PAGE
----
Navigating School During COVID-19: A Teacher’s Perspective

Parenting kids through the uncertainty of the back-to-school season during COVID is not unlike being pushed off a cliff while blindfolded. Mid-fall, you’re told that at the bottom of the cliff is either a river of hungry crocodiles or the mouth of an active volcano – your choice! It’s a multi-faceted issue. 

I’m a teacher and a parent, so like many, I get to embody these two roles that can’t exist in silos. Many other parents are in the same scenario, and so it is unquestionably important to feel seen and understood right now. Here are a few of the various “boats” you might find yourself in right now, along with a word of encouragement to you, whichever boat (or boats) you find yourself straddling in-between.

I’m so torn… I want my kids to be in school, but I’m afraid of the risk it poses to my family’s health. 

If this describes you, you are not alone. I don’t think I’ve spoken with a parent yet who doesn’t feel this way. Teachers share this concern. We all want our kids and students to enjoy the benefits of being in school beyond instruction. We need childcare. We want our kids to play with other kids and enjoy the enormous socioemotional benefits of being with other children. We don’t want to see our kids struggle in the next academic year and fall behind.

On the other hand, we don’t want to put our kids or other loved ones at risk. What will happen when one student has a case of COVID in their family? We all worry that school will shut down again, more children and families will have to get tested, and instruction will halt. 

You are heard, you are understood, and you are doing a great job.

I’m a teacher. Even though I love my students, I feel like I’m being asked to risk my life for my job without any certainty of worker’s compensation. 

The teacher’s perspective is similar. Teachers worry for their students who depend on school for air-conditioning, meals, and refuge from unsafe home situations. Teachers worry about overwhelming parents with a barrage of online materials that might be futile for 50% of their class. We want to support our students in their extracurricular activities, and we also depend on the paycheck to feed our own families. One of the greatest losses that teachers feel is the missing rapport that develops only in the unique, safe, and familial environment of a classroom.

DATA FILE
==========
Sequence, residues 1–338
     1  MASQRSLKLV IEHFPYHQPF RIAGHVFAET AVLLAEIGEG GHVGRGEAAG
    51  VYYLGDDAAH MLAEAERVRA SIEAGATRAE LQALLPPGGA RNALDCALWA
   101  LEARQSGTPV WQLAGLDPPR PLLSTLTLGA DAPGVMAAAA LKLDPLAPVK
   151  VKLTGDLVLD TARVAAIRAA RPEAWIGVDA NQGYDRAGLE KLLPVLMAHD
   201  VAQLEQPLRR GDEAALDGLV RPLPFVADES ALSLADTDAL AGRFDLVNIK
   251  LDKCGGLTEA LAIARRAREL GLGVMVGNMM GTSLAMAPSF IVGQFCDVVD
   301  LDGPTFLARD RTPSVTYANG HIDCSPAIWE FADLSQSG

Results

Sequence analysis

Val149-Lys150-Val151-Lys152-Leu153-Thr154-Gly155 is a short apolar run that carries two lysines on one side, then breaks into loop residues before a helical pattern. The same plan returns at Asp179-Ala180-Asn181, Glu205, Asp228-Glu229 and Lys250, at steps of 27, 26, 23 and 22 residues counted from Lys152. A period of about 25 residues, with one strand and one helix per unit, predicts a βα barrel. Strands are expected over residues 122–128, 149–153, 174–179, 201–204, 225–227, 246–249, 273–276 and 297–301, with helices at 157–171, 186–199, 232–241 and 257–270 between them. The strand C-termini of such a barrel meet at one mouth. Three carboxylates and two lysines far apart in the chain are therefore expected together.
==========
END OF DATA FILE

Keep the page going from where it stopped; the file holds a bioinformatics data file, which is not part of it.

You are heard, you are understood, and you are doing a great job.

I’m worried that my child’s teacher won’t be involved if learning goes online.

It won’t change anything, but your child’s teacher is motivated now more than ever to provide the best that they can for your kids. Teachers love teaching, and they are fighting to step up to the plate. Give your child’s teacher a little extra grace, understanding that teaching online is as undesirable for the teacher (if not more) than it is for parents. Teachers teach to be surrounded by the delight that they get from watching your kids learn and grow. Online learning is a disappointing, temporary (and possibly necessary) solution to what we are facing.

You are heard, you are understood, and you are doing a great job.

I’m concerned that my students’ parents aren’t going to help them engage or take it seriously if we’re forced to teach online.

Surely, there will be cases where this happens, but remember that many of your kids will participate. In the same way that you couldn’t change the life of each student who crossed your path in person, you won’t be able to do that now. Remember that little actions can make the biggest difference, and look forward to the time, maybe a few years from now, when you will be with your class in school and things will have returned to a new normal. Collaborate with other teachers. Start a teacher support group – you will need it now more than ever! 

You are heard, you are understood, and you are doing a great job.

Despair seems to surround us all in these strange times. All of the concerns surrounding this issue are valid, and I hear and see so much vitriol, especially on the internet.

Let’s take a step back. We’ve been told since March that these are “unprecedented” times. Let’s extend the grace that is due to one another. The response of grace that we need to give and receive is disproportionate to what we’re claiming about “unprecedented” times.

Parents, if you are worried about your kids falling behind this year, that’s okay. To say that this is difficult is a major understatement. All of our kids are going to fall behind this year, and I doubt I’m the first one to say it. But, that is okay! It’s okay for kids to fall behind this year. They’re going to. Let’s take healthy steps toward accepting that and doing the best we can anyway.

Our kids are awesome. Our parents are awesome. Our teachers are awesome. It might take a long time and we will have to do some hard work along the way, but I hope that we can slow down, re-prioritize, and extend abundant grace. We’re not in control, and yet, as far as school is concerned, we’re all going to be okay. Hang in there, and extend all the grace that you can, and then some.

One comment

  • I needed this. Thank you! My husband starts back as a music teacher tomorrow. He sees 600 kids a week, and we have an 8 week old at home. I am so scared. Praying a lot.

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